The Italian outbreak of coronavirus dooms Baselworld. The map tells the tale. It’s 193.4 miles between Codogno – center of Italy’s coronavirus outbreak – and Basel, Switzerland. As we’ve predicted, it’s all over bar the official announcement. It’s important to note that the coronavirus was only the final nail in the event’s coffin . . .
Large industry conventions are a dead genre walking. The costs of mounting a stand at a major event – be it the SHOT Show or Baselworld – are enormous. The costs to attend aren’t cheap either. The return-on-investment for both exhibitor and attendee is lousy – especially in the internet age, where marketing costs are minimal.
Watchmakers were pulling out even before the coronavirus doomed Baselworld. Corum said goodbye in October 2018. The SWATCH Group – all 20 brands – said no thanks in July of that year. In March, they made in permanent. In February of this year, LVMH’s Bulgari said au revoir, citing the coronavirus outbreak.
The cancellation will cost tens of millions of dollars, spread out across watchmakers, distributors, retailers and buyers. Not to mention the economic impact on airlines, hotels, restaurants, bars and transportation companies in and around Basel. But it’s a drop in the ocean compared to the coronavirus’ effect on Asian watch sales.
Before the outbreak, Asia accounted for roughly half of all Swiss watch exports. China is closed for watch business. Parts of Hong Kong are a ghost town. Singapore is struggling. The U.S. State Department is advising Americans not to travel to South Korea or Japan, both of which account for a significant percentage of Swiss watch exports.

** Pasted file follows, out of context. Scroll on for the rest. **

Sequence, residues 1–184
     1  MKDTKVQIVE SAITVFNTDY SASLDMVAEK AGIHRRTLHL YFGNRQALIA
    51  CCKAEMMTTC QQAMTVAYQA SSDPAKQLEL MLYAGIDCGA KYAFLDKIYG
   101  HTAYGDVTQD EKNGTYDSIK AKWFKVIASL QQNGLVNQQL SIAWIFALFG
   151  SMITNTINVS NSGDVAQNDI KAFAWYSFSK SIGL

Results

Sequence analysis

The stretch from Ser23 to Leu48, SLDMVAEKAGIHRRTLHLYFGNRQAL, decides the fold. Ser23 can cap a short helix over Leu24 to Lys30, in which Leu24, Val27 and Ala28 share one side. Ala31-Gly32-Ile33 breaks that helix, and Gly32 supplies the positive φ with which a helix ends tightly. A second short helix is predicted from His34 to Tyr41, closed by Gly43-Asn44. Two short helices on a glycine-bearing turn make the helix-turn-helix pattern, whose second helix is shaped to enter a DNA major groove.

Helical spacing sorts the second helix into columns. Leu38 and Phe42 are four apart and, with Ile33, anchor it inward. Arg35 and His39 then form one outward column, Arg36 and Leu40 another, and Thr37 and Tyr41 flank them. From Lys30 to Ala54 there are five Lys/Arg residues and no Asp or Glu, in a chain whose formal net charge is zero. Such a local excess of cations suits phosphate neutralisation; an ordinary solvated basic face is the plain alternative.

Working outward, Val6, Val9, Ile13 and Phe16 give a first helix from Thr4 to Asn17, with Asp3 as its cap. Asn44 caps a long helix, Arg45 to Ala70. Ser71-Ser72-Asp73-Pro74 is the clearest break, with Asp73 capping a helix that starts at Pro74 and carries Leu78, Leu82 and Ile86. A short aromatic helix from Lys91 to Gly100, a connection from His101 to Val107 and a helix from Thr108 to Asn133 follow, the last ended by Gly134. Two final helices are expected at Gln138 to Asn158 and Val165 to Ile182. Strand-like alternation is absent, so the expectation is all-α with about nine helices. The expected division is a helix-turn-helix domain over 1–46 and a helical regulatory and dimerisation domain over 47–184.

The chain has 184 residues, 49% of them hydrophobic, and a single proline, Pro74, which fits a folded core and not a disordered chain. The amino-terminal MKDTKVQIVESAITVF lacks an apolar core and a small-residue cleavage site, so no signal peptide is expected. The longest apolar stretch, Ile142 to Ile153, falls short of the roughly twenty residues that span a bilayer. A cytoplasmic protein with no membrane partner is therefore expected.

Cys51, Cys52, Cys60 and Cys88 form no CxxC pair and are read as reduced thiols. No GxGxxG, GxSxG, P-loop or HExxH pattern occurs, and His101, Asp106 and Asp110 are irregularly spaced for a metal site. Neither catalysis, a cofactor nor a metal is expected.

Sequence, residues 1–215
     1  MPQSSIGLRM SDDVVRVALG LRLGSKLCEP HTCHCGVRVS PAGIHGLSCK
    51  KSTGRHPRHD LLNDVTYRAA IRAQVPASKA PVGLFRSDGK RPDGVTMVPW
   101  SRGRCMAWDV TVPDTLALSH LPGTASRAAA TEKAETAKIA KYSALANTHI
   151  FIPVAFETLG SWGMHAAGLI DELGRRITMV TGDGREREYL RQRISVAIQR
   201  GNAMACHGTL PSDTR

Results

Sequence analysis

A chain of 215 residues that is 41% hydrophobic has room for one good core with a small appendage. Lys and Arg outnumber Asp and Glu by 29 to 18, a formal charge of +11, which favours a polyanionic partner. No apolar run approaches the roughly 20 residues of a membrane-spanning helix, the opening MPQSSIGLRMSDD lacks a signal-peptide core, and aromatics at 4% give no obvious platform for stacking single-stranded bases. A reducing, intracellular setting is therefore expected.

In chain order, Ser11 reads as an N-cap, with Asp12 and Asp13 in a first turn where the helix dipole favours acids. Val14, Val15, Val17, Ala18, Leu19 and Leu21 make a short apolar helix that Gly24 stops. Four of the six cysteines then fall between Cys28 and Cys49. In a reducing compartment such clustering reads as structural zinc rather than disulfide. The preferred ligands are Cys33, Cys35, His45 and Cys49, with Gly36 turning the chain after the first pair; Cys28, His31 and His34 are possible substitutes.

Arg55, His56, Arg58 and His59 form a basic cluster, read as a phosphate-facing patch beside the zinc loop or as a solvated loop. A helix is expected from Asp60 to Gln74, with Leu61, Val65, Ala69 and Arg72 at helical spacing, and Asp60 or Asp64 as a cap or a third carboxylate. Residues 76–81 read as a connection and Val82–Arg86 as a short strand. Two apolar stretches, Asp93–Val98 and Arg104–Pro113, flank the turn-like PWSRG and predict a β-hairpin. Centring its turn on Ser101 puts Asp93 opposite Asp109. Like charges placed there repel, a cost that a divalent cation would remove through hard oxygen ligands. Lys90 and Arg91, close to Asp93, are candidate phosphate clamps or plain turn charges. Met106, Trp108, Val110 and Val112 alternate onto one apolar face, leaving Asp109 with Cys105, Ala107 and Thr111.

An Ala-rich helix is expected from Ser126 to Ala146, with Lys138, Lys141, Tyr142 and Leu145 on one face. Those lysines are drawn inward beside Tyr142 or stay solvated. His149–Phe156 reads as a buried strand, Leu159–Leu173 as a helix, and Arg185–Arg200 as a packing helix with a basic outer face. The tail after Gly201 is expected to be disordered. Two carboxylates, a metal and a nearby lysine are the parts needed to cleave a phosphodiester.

It’s not about tourist sales or closed stores in affected areas – although those are a catastrophe. The general fug hanging over Asian consumers is crucifying the sale of luxury timepieces like Rolex and Patek Philippe throughout the region, and decimating the sale of low to mid-priced Swiss watches like Longines and Tissot. With no end in sight.
Just as a rising tide lifts all boats, a disappearing ocean leaves everyone stranded.
Apple Watch supplier Foxconn is still offline, with no sign of resurrection. Apple is ramping up production outside of China as fast as it can, but there’s no guarantee those plants won’t also be affected, and we’re talking about replacing a million Chinese workers.
Meanwhile, Swiss watch brands are no longer fighting the Smart Watch Crisis. They’re fighting for survival. The coronavirus dooms Baselworld, but it also sounds the death knell for the watch industry’s weakest players. Which ones survive and which ones fall by the wayside remains to be seen.
UPDATE (27.2.2020): Official statement from Baselworld: “The show is currently maintaining its planned timetable and the teams are continuing their preparations for the event to open as scheduled on the 30th of April 2020. Baselworld remains the must-attend beacon event it has always been, as is evidenced by the high public interest and number of tickets sold so far.”